If the service was so abominable, holding back a dollar or two isn’t much of a statement. I suggest asking to speak to the manager and make a polite complaint.
    @Astin: If you’re paying a bill in the hundreds of dollars, I’m guessing the idea is that you can afford to tip after taxes. It’s a fair practise. Some people I know quibble about “before/after taxes” on a bill of $50 or less, which I find incredibly mean-fisted.

  • http://null Astin

    Oh, if service is truly abyssmal, then a comment, or at least a comment card, could be called for. At the same time though, there would still be a lack of tip. I’ve also asked servers how tips are distributed. Does the cooking staff get some of it? Is it pooled and split evenly? Do servers keep what they get? If I get excellent service, but the meal itself is disappointing, then I don’t feel the server should be punished.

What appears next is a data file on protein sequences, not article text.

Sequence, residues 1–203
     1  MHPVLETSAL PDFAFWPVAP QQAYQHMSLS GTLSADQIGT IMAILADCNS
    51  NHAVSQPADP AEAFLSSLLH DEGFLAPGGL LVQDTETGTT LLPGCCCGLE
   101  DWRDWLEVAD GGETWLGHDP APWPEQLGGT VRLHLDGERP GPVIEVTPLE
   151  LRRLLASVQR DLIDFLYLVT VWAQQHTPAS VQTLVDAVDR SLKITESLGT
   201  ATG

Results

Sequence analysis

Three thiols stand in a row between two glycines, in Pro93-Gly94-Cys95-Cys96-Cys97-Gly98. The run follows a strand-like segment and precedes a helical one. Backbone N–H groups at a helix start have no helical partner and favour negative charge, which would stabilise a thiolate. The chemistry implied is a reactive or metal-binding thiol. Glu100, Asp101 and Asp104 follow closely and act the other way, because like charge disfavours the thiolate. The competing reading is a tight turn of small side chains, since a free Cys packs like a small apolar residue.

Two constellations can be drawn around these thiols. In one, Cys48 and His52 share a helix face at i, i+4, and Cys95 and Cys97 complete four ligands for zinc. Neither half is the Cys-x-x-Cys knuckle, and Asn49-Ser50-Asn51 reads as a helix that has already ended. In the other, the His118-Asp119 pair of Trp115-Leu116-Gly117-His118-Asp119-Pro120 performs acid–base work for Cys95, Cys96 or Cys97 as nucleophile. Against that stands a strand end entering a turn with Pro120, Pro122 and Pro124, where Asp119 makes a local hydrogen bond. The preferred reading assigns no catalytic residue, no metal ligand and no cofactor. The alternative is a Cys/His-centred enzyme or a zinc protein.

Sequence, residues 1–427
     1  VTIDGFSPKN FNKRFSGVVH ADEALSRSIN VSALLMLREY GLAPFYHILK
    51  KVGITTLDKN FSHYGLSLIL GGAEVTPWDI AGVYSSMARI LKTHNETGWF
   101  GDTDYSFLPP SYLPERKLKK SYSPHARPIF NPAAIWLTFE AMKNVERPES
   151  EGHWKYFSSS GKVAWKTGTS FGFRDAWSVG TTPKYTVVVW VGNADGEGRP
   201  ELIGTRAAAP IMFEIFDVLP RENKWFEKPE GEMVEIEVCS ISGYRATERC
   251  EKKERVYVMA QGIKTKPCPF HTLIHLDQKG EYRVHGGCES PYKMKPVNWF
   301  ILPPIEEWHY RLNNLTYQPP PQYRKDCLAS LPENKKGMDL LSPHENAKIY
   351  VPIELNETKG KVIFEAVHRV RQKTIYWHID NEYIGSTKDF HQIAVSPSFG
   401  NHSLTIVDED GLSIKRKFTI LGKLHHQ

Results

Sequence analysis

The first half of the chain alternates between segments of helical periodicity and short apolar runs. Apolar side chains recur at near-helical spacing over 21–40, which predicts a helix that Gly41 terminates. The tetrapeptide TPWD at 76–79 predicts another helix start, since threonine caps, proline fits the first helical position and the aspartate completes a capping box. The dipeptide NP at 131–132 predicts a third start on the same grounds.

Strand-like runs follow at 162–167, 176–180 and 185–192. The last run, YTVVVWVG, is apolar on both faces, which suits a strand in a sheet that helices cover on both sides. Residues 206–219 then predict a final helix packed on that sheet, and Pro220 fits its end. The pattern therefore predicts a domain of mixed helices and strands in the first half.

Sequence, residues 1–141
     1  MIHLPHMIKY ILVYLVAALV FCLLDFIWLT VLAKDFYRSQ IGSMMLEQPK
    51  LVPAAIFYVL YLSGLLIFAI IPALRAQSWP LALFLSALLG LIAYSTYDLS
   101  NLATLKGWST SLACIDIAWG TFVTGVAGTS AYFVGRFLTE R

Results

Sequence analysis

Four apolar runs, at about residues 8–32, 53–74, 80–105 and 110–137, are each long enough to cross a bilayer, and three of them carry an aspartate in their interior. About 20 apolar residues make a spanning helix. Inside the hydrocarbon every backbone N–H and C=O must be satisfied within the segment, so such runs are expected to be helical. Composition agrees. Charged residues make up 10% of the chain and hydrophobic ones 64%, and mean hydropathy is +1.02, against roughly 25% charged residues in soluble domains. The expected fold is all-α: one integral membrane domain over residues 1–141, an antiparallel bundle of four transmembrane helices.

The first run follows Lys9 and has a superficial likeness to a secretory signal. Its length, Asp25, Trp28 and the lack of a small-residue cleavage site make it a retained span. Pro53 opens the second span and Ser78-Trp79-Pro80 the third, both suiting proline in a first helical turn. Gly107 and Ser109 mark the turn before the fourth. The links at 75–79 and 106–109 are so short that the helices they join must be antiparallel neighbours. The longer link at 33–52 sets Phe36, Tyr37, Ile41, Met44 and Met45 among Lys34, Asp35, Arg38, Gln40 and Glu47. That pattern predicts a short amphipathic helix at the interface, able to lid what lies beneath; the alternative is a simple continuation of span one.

At least I’m not like one friend of mine, who after some of the worst service I’ve heard of, left exact change and a note of “no tip for you asshole”. The server ran into the parking lot and threw a punch at the guy after.
    Tipping after taxes is essentially a 2% bonus, if I can afford that or not, why would I pay it if I don’t feel it’s warranted? I tend to round up regardless, knowing that tips make up a large part of a server’s income, but I get annoyed by a slow creeping increase. It wasn’t that long ago that 10% before taxes was considered standard.

  • http://undefined Gloria